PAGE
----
What are nonindigenous aquatic species?
We define nonindigenous aquatic species as a member(s) (i.e. individual, group,
or population) of a species that enters a body of water or aquatic ecosystem
outside of its historic or native range.
Most of the nonindigenous introductions are a result of human activities since
the European colonization of North America. This includes not only species that
arrived from outside of North America, which are commonly referred to as exotics,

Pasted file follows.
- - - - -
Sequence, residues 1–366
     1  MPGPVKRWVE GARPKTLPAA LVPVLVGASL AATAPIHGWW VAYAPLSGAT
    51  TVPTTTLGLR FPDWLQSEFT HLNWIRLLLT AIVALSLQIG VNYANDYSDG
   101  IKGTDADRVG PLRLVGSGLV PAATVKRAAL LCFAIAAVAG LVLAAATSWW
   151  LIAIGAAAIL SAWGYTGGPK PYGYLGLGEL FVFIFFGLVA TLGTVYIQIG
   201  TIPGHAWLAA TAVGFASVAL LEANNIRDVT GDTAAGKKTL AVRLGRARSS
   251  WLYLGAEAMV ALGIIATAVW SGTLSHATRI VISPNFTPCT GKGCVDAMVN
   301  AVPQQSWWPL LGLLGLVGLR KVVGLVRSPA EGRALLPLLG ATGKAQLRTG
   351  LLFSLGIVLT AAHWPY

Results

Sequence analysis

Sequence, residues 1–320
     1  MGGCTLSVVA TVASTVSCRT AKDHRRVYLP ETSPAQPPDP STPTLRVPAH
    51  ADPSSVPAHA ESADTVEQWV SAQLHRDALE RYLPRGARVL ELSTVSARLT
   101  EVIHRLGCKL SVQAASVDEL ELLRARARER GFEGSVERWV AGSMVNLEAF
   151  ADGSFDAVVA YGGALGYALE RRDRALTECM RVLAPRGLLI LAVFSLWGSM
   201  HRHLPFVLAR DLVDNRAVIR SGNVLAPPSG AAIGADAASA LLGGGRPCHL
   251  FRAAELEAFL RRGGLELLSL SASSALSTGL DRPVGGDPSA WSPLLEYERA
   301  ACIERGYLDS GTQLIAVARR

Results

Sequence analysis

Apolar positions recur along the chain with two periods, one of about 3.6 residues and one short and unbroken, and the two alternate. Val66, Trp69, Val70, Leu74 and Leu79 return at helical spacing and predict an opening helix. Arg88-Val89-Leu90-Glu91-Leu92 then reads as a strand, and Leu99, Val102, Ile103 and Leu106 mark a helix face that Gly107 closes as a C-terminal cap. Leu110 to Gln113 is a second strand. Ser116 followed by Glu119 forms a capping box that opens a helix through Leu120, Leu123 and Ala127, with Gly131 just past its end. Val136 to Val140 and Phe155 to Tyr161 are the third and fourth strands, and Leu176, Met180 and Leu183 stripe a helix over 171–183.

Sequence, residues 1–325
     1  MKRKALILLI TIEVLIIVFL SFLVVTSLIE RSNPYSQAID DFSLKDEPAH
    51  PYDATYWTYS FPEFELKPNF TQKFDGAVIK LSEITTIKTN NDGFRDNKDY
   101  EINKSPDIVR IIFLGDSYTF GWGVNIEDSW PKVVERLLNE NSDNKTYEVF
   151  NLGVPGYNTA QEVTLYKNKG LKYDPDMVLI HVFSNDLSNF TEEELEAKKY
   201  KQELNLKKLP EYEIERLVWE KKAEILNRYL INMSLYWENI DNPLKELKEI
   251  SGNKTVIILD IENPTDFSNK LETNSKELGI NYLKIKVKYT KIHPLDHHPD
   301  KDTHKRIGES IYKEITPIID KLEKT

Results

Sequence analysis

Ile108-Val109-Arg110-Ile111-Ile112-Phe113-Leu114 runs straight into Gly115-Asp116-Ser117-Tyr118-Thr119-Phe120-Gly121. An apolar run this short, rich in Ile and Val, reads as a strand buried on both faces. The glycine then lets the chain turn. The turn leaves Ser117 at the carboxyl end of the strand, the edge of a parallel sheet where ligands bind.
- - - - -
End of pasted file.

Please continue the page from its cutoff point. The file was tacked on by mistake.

but also species native to North America that have been introduced to drainages
outside their native ranges within the country. An example of the former
would be the Brown Trout, Salmo trutta, a native of Europe first imported
to the United States in 1883 from Germany. An example of the latter would be
the Coho Salmon, Oncorhynchus kisutch, a native to the Pacific coast
from northern California to Alaska, which was introduced into the Great Lakes
as early as the 1920's.
The importance of studying nonindigenous organisms is to learn what effects
they may have on the native organisms and the physical environment.